Weight loss (kg)
Past Medical History
A detailed past medical history is important in the preoperative workup of a POEM patient. Knowledge of prior endoscopic treatments of achalasia such as Botulinum toxin injection or pneumatic dilation is important in determining the relative hostility of the submucosal plane during dissection. A prior esophageal perforation at the time of pneumatic dilation may effectively obliterate the submucosal plane. Prior exposure to mediastinal radiation also results in fibrosis of the esophageal layers. Cardiovascular or pulmonary comorbidities must also be considered during preoperative planning.
All patients, in whom POEM is being considered should undergo the following diagnostic tests to confirm the diagnosis, aid in patient selection as well as operative planning.
An upper endoscopy is usually the first test that was performed in the evaluation of a patient with dysphagia. Upper endoscopy might reveal a tortuous, dilated, sigmoid esophagus with retained saliva, fluid, or even food. Esophagitis might be seen due to stasis, especially of pills. Stasis might lead to esophageal candidiasis, commonly presenting with signs of esophagitis and overlying white exudate. Biopsies should always be performed to confirm Candida esophagitis in order to facilitate preoperative antifungal treatment.
Although rare, a preoperative upper endoscopy is essential to rule out a diagnosis of pseudoachalasia in which an infiltrating gastroesophageal junction tumor causes esophageal outflow obstruction mimicking achalasia. A high index of suspicion for pseudoachalasia should be maintained for patients older than 60 with a rapid progression of symptoms and excessive weight loss. Another rare but serious condition which can be detected endoscopically is the presence of esophageal varices. Computerized tomography or endoscopic ultrasound are helpful adjuncts to help confirm the diagnosis of pseudoachalasia and/or varices when suspected. The presence of either pseudoachalasia or esophageal varices is a contraindication to POEM and likely the completion of esophageal myotomy regardless of approach.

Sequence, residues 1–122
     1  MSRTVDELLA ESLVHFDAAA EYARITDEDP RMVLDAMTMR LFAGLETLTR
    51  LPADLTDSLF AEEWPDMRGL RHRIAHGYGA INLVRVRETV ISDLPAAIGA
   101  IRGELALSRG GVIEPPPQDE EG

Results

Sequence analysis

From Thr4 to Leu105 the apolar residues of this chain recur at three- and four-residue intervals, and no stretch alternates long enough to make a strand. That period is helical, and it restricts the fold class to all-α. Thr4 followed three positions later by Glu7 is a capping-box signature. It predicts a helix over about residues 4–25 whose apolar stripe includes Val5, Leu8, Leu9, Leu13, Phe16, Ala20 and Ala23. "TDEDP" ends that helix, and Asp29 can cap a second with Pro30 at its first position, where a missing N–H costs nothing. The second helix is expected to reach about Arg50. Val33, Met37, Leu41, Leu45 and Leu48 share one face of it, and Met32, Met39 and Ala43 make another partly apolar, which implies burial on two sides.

Although an esophagram can be normal in patients with early stages of achalasia, classically it reveals a tight narrowing at the gastroesophageal junction with a bird beak appearance, impaired LES relaxation, esophageal dilation, esophageal tertiary contractions, and poor esophageal emptying. A Timed Barium Swallow (TBS) provides information not only on esophageal anatomy but also on emptying. The TBS includes spot images that are performed at 1 min, 2 min, and 5 min after a barium bolus of 200 cm3. The contrast column height and width reported in centimeters indicate the relative severity of the esophagogastric outlet obstruction. This test is also useful to evaluate postoperative improvements in esophageal emptying.